As law school enrolments continue to rise and more students studying law abroad return home, a growing number of graduates are scrambling for a comparatively stagnant number of articling positions — a 10-month work experience mandatory to become a lawyer.
But the so-called articling crisis never made its way as far north as Thunder Bay, Ont., where Lakehead University is set to unveil its new law school, said the new dean.
"If you talk to many of the law firms up here they'll say, 'Look, we've been trying to get an articling student for a number of years, we just can't get the right one," said Lee Stuesser, who has taught law for more than two decades.
"For years I've been saying to law students, 'Look outside the big centres. There are jobs there.' And you know what? They haven't. So there is a shortage (of lawyers) here in the north."
In March 2008 about six per cent of articling candidates couldn't find a spot, according to the Law Society of Upper Canada. Three years later that number had risen to 12 per cent and by March 2012 approximately 15 per cent of potential lawyers were being left in the lurch.
The majority of articling spots are in Toronto, Ottawa, Windsor and London — which are all home to law schools — and just two per cent of the positions are in Ontario's north, according to recent statistics from the law society.
An alternative to the current articling requirement meant to ease the crisis will be in place by the time Lakehead's first class graduates, but law society treasurer Thomas Conway said he still hopes the school will help open up the north to new lawyers.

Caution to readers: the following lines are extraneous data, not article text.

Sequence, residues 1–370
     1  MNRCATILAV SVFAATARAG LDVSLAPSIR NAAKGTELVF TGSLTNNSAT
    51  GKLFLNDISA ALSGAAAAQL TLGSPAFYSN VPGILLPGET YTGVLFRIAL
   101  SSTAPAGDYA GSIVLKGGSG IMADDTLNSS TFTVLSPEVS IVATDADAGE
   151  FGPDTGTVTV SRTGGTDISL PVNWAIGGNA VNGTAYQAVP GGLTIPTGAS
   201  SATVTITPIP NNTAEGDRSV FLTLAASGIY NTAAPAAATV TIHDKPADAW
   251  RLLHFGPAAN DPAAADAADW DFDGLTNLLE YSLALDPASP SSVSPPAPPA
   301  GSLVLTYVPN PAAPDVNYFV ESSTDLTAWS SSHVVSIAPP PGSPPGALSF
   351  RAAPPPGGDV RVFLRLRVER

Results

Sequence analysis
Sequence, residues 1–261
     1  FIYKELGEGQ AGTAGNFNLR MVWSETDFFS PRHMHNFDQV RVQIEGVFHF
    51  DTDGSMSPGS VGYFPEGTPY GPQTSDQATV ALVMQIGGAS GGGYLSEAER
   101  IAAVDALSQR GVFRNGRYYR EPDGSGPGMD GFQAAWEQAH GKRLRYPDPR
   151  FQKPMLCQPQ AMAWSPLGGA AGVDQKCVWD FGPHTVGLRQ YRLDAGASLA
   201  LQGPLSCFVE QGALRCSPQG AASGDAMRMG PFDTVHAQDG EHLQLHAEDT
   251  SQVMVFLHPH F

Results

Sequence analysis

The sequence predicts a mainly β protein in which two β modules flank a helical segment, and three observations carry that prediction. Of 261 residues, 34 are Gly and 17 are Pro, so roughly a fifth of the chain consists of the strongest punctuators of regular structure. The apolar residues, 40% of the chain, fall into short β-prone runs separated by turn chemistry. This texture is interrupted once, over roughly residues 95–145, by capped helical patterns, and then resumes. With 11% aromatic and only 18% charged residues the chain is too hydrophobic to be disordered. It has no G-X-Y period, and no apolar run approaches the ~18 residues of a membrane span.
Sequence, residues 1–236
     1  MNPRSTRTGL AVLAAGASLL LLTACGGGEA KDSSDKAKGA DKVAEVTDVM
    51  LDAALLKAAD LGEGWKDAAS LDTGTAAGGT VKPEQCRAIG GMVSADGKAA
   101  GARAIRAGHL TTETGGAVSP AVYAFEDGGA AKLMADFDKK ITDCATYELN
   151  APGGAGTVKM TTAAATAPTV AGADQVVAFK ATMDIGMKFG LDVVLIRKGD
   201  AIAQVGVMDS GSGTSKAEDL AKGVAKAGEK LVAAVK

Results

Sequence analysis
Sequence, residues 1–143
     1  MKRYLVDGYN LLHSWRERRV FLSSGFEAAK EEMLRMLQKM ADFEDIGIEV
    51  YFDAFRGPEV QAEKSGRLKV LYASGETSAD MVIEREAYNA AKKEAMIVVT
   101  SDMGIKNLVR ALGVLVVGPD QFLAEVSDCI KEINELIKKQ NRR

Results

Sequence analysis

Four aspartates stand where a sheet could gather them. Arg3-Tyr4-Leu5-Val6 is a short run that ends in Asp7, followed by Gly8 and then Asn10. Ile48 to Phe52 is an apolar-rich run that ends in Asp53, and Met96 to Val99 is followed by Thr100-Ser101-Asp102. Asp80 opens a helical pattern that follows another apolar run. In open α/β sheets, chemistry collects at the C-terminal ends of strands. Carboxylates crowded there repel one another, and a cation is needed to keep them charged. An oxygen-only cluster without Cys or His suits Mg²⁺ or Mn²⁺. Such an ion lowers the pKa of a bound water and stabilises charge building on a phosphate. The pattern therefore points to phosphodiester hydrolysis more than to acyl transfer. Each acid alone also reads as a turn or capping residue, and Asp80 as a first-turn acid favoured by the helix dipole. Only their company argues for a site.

Regions with the fewest lawyers per capita are often also the ones with the fewest new lawyers, law society statistics show. Lakehead hopes to fill that void, often referred to as the "greying of the bar."
The law school will direct its students toward practising in traditionally under-served northern and aboriginal communities, as well as small towns and cities across the country.
Nishnawbe Aski Nation Deputy Grand Chief Goyce Kakegamic said he is "thrilled" with the new law school and hopes it prompts more First Nations people to become lawyers.
"Our people are kind of geographically bound," he said, so having a law school close to home means they are more likely to attend.
The class of 55 students entering Lakehead's law school this year includes seven people from First Nations communities. The law society reports that recently an average of 18 to 24 aboriginal lawyers have been called to the bar each year.
The process of establishing the new law school wasn't without its hiccups. When the university replaced a full-credit aboriginal world views course with a half-credit one on aboriginal law, a group of Lakehead students protested with a sit-in.
Stuesser said he believes the outcry has been resolved by offering a course on native Canadian world views as well as a second course on aboriginal perspectives, in which students will work with aboriginal communities.